Paul woke in paradise at 1.30am, his entire body stinging from the bites of a tropical squadron of insects. The little buggers were buzzing around him like miniature Messerschmitt, each keen to land and pick up their bloody payload, punctually puncturing him every seven seconds, or so it seemed! Added to the critters fighting trench war fare amid the folds of the ancient mattress, Paul wanted to commit insecticide, but had neglected to pack any!
It was interminable.
There was a mosquito net but it resembled a moth-eaten piece of Victorian lace as it hung,spectre like, from the bamboo ceiling, only serving to disturb Paul and Andrew’s sweaty slumber even further. Andrew had twice been violently caught amongst it’s billowing grey mesh, the first time nearly garrotting himself, and on the second occasion falling heavily to the floor, swaddled like an overgrown infant. Paul had had to untangle his partner swiftly from the errant material, making even more holes in the useless piece of rag.
Andrew struggled proudly to his feet and went out onto the silken beach, the Indian ocean splashing just feet from the balcony of their overpriced bungalow on the underdeveloped island. Paul lay inside under the ragged remainder of the mosquito net, listening to the mercurial generator, which was coughing and spluttering it’s way through the night, drowning the sound of the ocean with one mechanical wave after another. The only other noise heard during the early eastern hours was the incessant coughing and spluttering of the friendly Berliner in the hut next door, who might have been auditioning for the part of Violetta, in ‘La Traviata’ – hourly.
It was a most productive disorder.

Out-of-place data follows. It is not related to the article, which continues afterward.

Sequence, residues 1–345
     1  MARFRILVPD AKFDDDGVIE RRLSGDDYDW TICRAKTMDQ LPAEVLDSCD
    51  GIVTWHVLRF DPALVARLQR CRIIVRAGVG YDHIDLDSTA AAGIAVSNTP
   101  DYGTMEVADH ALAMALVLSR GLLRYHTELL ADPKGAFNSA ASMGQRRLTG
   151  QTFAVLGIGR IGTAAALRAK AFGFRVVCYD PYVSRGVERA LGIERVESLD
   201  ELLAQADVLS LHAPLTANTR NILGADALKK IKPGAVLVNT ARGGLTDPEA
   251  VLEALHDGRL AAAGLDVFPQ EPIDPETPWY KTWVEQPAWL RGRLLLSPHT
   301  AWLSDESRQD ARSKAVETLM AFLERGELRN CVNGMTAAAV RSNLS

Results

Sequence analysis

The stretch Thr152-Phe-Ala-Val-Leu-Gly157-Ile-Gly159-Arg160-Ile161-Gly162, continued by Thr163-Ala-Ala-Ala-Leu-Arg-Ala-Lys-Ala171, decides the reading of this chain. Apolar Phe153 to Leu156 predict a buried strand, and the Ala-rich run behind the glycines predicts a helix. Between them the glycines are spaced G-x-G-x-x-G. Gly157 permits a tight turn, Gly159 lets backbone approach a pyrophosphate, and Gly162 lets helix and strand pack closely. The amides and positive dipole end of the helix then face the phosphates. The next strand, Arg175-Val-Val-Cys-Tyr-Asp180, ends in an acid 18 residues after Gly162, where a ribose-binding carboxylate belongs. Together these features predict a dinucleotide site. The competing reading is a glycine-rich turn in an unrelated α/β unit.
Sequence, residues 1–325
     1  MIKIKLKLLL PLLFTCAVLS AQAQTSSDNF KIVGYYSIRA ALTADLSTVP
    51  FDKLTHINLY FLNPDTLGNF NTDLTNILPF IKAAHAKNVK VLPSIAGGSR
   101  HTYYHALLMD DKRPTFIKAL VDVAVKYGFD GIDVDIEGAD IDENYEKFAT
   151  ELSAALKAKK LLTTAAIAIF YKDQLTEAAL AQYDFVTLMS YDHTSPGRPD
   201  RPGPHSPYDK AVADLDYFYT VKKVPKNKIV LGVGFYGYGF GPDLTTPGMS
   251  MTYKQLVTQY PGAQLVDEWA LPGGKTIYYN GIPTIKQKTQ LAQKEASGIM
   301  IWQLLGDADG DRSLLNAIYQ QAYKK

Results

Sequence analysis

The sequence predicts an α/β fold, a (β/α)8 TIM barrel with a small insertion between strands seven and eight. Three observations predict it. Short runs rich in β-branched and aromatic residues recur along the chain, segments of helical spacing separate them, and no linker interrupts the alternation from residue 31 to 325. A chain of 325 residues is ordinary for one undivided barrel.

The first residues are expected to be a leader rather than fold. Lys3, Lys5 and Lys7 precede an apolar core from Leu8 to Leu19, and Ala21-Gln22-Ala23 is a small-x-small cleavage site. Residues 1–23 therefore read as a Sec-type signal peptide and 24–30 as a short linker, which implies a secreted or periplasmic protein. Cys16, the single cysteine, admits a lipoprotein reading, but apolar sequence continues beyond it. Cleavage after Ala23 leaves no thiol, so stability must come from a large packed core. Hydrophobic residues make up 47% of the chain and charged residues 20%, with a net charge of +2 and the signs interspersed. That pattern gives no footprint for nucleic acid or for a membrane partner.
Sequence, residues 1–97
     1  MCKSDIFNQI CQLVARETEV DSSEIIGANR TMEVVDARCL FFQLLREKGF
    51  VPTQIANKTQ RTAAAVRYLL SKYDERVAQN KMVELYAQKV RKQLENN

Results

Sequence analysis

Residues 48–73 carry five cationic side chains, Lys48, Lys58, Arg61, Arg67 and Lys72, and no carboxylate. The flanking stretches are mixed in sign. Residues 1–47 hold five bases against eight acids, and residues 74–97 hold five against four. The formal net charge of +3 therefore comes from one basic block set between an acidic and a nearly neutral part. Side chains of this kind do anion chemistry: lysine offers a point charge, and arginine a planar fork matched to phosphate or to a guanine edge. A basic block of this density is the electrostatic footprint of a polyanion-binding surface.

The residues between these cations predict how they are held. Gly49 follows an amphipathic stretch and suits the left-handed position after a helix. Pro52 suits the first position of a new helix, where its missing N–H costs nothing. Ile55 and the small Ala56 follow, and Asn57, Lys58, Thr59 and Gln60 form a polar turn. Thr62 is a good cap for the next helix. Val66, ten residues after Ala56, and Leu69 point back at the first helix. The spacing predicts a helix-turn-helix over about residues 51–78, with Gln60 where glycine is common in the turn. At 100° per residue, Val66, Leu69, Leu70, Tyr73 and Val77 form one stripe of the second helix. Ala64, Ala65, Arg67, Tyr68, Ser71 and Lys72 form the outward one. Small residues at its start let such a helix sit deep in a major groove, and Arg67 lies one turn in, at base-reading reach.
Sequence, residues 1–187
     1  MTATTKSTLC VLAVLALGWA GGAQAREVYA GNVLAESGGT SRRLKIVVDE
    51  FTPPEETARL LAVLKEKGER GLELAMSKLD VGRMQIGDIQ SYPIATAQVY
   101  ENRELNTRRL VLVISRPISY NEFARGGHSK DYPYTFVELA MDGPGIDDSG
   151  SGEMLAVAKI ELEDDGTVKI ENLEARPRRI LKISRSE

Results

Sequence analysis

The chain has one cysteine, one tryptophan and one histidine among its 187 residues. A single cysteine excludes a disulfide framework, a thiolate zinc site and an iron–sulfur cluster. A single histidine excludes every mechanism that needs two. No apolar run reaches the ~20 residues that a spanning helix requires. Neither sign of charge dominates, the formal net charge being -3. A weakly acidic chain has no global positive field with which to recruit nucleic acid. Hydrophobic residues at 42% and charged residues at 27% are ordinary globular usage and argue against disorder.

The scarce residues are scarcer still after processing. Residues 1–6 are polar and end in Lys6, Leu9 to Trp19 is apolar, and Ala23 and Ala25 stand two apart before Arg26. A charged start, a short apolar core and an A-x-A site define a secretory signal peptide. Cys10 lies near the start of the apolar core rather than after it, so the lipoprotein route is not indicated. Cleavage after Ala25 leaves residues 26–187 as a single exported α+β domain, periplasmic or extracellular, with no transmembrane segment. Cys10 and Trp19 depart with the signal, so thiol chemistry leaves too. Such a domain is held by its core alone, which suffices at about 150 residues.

In fact, the entire nightly soundscape of stunning Koh Kradan reminded Paul of a touring fun fair. He imagined, during numerous bouts of torrid wakefulness, stepping onto the dove white sands outside, riding the ‘Waltzer’ and grabbing a quick Toffee Apple.
It was not the sound of paradise.
And he most certainly could not sleep.
But sadly there was no fun fair. Just the gigantic, archaic generator and the sanatorium next door.
Koh Kradan was paradisiacal during the day. Other than the day trippers who polluted the near pristine beach with their screaming and floating.
It was pure hell at night.
Paul only hoped he had not contracted Dengue Fever. Especially as the eccentric owner of their prefabricated resort was regularly holding court across his average restaurant, endlessly talking of his recent recovery from the killer disease!
There was no local food. There was no local flavour. There were, in fact, no locals!
The boys had come to the final island on their Thai odyssey, arriving from the striking Koh Bulon.
Bulon, too, had had it’s own share of drama.
Not least, a jungle which the locals dare not enter for fear of the many ghosts who they swore resided there. Paul and Andrew had just happened to take lodgings on the edge of this forbidden place. They’d heard strange voices in the night, but had not been nearly killed by a malevolent mosquito net as on Kradan.